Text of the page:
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  2. I'm taking riding lessons, too--I need help seeing what I'm doing wrong! I think that's great that you're taking lessons. And absolutely you could learn the piano. When I started taking lessons last winter I thought I wasn't making much progress because of my age, but I think my expectations were too high. Little kids are happy with Mary Had a Little Lamb--adults want to play like Beethoven after a month. LOL. Looking back on this year, I think my old brain is just as teachable as a young one!

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  3. You mean...this isn't the news???

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  4. Thank you for the very thoughtful post. I've been taking recorder lessons for 3+ years now, from a really excellent teacher, and also play in a group. I had virtually no music background when I started, so it was all new to me. What learning an instrument has really brought home to me is the value of daily, or almost daily, work and focussed attention. Even if you don't feel like you're making progress, if you work with care and attention every day, gradually, day by day, you make noticeable progress. There are also ups and downs, and learning to deal with that one-step-forward, two-steps-back feeling is useful too.

    I've also learned that as I progress, new things become challenges, and things that were difficult aren't any more - there are always new things to learn and ways to improve, even for the experts.

    I think a lot of this has application to horses, and to life. The ability to work hard and focus, and to break a task down into small steps and not be in a hurry, but just keep working, small bit by small bit, leads to progress, sometimes before you notice.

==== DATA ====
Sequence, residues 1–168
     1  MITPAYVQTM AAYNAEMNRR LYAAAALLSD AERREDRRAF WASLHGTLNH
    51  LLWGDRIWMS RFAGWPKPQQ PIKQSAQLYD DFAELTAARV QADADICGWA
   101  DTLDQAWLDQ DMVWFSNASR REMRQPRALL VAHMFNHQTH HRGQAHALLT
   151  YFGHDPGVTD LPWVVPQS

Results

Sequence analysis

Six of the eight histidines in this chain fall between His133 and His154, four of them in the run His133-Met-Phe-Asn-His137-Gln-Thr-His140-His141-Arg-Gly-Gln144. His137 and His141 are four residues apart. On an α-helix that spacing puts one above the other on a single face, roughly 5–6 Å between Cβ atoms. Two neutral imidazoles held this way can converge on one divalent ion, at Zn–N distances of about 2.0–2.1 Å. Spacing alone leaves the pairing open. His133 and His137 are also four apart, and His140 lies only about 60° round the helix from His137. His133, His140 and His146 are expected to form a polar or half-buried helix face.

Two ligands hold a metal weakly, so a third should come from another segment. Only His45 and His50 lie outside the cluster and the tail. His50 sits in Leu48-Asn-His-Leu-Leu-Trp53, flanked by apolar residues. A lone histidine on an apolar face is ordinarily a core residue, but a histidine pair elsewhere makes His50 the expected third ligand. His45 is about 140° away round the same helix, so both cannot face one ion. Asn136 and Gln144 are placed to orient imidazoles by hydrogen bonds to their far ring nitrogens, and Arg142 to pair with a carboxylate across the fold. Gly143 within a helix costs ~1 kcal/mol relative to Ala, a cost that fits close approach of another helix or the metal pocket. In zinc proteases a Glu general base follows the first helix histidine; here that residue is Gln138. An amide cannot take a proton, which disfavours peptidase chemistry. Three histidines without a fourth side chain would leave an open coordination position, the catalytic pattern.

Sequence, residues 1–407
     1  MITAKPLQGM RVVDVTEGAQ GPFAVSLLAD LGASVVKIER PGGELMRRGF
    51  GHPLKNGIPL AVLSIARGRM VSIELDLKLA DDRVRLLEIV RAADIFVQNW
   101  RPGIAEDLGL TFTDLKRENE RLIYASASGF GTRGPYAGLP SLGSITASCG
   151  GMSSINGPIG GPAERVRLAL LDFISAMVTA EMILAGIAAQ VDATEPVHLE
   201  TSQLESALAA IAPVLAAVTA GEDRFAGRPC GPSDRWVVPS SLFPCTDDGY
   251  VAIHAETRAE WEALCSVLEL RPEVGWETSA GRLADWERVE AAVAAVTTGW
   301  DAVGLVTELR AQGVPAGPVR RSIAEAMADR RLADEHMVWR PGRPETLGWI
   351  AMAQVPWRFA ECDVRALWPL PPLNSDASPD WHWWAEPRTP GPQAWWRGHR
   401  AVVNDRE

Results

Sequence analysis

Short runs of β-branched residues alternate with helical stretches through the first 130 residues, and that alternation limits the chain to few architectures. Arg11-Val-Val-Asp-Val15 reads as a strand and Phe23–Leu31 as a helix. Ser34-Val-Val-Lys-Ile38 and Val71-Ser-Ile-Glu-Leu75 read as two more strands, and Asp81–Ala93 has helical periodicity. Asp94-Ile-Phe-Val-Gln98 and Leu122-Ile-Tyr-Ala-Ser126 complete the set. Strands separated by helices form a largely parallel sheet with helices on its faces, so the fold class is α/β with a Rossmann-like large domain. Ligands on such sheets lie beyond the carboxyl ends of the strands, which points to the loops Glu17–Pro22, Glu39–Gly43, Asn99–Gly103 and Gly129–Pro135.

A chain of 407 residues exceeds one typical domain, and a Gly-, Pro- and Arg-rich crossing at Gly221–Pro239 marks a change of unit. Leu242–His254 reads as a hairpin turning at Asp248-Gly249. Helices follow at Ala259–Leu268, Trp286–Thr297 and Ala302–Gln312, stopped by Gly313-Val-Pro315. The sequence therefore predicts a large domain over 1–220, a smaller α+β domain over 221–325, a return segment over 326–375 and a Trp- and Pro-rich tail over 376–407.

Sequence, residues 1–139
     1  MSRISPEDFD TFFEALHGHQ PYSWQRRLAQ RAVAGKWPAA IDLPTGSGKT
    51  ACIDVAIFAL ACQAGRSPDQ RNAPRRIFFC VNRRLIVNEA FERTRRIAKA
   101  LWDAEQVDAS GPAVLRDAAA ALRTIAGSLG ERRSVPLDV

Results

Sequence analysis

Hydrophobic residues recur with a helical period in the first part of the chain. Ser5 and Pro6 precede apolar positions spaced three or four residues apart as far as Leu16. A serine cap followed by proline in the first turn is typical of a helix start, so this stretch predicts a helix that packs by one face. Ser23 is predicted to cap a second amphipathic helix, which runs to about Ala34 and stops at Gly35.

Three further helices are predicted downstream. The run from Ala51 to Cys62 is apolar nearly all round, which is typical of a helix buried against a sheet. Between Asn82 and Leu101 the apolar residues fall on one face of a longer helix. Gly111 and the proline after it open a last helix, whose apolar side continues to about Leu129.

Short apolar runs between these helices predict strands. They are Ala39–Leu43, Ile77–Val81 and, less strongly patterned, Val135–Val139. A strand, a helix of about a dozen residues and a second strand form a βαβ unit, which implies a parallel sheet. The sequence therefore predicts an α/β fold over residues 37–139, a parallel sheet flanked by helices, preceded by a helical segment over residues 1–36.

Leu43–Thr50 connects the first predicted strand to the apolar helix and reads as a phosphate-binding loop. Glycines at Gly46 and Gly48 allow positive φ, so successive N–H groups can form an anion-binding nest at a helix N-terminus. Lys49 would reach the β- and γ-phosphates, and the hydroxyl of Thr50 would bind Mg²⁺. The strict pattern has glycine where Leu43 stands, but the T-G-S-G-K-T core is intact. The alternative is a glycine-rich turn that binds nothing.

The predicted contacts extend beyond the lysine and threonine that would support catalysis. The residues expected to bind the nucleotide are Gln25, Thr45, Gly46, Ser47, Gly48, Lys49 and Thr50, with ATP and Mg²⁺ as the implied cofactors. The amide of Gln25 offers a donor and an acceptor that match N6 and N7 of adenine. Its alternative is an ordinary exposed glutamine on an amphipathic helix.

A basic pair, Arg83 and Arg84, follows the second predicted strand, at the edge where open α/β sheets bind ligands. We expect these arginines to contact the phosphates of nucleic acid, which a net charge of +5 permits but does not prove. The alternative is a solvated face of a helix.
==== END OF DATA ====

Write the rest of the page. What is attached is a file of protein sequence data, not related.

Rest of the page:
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  5. Tracey--I stand happily corrected! :)

    Kate--Good for you--and very well said--I couldn't agree with you more. I've learned the same wisdoms from piano--small bit by small bit--as you say.

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  6. I do think that the discipline and diligence that we develop in practicing something does carry over to the rest of our lives. It somehow becomes a part of us.

    And inspiration breeds inspiration, too. You've inspired me today with YOUR post. I've been working on a short nonfiction piece for a few days, and it is complete except for one nagging paragraph that JUST WON'T WORK. I've been fiddling with the sentences for hours, and finally put it down and came blog hopping. Well, thanks for the nudge to practice. I'm off to my work now, determined to rewrite and rewrite until I get that paragraph nailed :)

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  7. Joanne--It reminds me of that famous Thomas Edison saying, "Genius is one percent inspiration and ninety-nine percent perspiration." You're a diligent writer--so I'm sure you'll have that paragraph done in no time and make it look easy! Happy writing!

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  8. Geez, you make me think, Linda! Love your blog, and I definitely agree that reading my favorite blogs start my day off much better than any regular sort of news. But dang...I'm still thinking about the last question you posed about horses' trust versus other animals.

    Anyway, I applaud you for learning the piano. It's something I've always wanted to learn too. I took classical guitar lessons back in the early 90s. I couldn't keep up with it. I don't think it was as much a matter of not being able to learn at that age, as it was just the sheer time and focus involved. At the time I had four kids at home, ages 19 down to 5, held a full-time job, and was pregnant with Alexa. I do remember when I first mastered my first classical piece, though (after about a year of learning scales and modes), and it was a very amazing feeling. Back then, I actually derived more joy from doing children's folk music, playing for my kids, around the campfire, at the school, daycare, and I even played some at some nursing homes. I guess that's the path I take sometimes in my life - finding what brings the most joy and then following that. My beautiful guitar sits in the closet mostly now, but I do bring it out at Christmas and do some simple carols. Maybe I'll get back to it one day.

    These days, I guess the thing that I am practicing the most is working on my horsemanship skills.

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  9. Laura, you need to pull that guitar back out!! It sounds like you made a lot of progress! We could be a team--going to nursing homes together!

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Please feel welcome to join our discussion--tell us about your own thoughts and experiences.